The benefit of the old Wings program was that it recognized the value of my annual recurrent training, which includes, among other things, eight hours in the SIM focused on instrument proficiency and emergencies (e.g., engine-out take-offs, single engine landings to zero-zero conditions, etc.) that are inherently TOO DANGEROUS to perform in the aircraft. In return for (successfully) completing such training, I did not have to bother with a BFR (and also, of course, was able to renew my insurance each year).

    The new Wings program effectively provides no reward for recurrent training, which in my case is to a far higher standard than a typical BFR. Rather, regardless of whatever other training I complete, the new program requires me to fly with a CFI, who may have direct experience in nothing more “high performance” than a Piper Seminole. I must demonstrate to him or her the ability to conduct slow flight, hold a heading with foggles, make turns to a heading and make a safe crosswind landing — boy that’s going to really sharpen my skills! And flying with a CFI as part of the Wings program only counts for one year whereas a BFR with a CFI counts for two years.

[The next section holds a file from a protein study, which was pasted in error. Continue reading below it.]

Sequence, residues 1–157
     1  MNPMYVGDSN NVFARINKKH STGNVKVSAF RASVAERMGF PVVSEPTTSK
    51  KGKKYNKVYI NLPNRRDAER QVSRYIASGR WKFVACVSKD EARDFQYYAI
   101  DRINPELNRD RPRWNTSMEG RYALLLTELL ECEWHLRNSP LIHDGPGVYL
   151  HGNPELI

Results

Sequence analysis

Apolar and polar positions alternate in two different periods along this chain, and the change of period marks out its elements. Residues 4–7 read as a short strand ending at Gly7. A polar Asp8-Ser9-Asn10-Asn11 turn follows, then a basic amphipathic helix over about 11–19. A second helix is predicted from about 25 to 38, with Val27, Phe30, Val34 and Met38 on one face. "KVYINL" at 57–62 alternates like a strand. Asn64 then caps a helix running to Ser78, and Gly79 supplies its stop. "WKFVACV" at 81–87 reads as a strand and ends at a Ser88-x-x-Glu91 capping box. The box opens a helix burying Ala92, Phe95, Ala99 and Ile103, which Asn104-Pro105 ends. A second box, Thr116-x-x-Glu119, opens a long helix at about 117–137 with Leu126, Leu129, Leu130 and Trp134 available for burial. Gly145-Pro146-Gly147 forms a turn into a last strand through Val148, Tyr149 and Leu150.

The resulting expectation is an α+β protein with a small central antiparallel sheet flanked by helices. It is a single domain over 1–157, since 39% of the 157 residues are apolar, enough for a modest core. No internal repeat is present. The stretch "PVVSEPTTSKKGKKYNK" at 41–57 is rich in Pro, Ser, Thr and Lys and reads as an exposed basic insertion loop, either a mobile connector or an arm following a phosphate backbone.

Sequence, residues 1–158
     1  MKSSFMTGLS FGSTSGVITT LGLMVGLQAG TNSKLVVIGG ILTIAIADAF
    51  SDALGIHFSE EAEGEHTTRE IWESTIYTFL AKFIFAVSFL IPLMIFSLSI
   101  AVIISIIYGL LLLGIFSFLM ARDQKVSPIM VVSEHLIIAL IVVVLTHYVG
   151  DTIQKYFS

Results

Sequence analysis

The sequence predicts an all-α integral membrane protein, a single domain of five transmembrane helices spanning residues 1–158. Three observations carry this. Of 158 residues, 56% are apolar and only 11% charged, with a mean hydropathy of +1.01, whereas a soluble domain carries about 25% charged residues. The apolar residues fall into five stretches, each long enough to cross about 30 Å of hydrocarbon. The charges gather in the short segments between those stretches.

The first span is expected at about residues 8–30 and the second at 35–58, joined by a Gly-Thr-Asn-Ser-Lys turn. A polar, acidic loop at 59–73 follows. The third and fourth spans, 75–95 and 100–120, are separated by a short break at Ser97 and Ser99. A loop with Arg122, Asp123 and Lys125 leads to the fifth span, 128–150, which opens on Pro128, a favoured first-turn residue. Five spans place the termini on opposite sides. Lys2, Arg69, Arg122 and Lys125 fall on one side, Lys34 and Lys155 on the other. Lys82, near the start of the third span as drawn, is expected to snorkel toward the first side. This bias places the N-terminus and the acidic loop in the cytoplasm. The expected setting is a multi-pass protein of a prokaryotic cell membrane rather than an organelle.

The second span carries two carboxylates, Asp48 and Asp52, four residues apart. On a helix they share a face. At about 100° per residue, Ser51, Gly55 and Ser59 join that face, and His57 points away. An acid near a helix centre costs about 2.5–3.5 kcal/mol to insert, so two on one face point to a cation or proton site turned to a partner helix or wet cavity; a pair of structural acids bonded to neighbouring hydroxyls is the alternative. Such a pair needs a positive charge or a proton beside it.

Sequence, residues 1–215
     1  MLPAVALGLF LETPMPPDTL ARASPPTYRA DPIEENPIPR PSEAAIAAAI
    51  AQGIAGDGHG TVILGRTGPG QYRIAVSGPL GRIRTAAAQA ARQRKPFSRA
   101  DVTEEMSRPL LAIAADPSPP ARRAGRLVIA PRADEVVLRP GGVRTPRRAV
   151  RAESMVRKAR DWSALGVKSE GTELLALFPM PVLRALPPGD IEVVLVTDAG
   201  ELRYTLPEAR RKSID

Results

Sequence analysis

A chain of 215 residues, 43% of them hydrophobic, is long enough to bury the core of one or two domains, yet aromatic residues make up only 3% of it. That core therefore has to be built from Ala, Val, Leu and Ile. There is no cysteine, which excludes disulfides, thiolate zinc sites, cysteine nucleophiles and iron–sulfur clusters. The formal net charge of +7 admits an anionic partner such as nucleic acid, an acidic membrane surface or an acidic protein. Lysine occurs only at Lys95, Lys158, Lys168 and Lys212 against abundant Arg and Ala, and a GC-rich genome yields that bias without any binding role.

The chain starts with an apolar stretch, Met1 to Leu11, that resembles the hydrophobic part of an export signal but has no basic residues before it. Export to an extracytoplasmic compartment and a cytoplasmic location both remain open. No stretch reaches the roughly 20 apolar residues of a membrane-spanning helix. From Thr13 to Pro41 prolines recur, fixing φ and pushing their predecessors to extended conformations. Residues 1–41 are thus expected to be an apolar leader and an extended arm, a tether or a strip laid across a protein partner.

It seems to me that any competent, licensed pilot is better off flying a BFR every two years than bothering with the new Wings program, which appears designed primarily for student pilots and those licensed pilots that need to fly with a CFI beside them just to be safe. That, unfortunately, is a small minority of the pilot community.

    Wish whoever designed the new Wings program had thought about that.


  3. Scott Says:

    Both Arthur and Jim make valid points that illustrate that the new Wings program isn’t for everyone. It PTS performance based requirements restrict the self-led recurrent training programs safety-conscious pilots develop for themselves. What’s important to remember, however, is that the program is voluntary. Participation is an individual decision. For pilots who don’t fly a lot and have never learned the value of a structured recurrent training program first hand (like professional pilots do), the new Wings program offers an alternative to flight reviews. — Scott

  4. Daniel J Knall Says:

    The wings program is the usual bureaucratic mismash. It is far easier, efficient and cheaper to hire a CFI and drill in flight maneuvers on the way to lunch. It is also more fun. This is what flying is all about. If you need the gov. to manage your training you are already in trouble.

  5. FAA Test Says:

    The new system is not upto the mark.The new wing program is total waste of time with no benefits at all.The old Wings program had a reputation, this new system is kinda funny.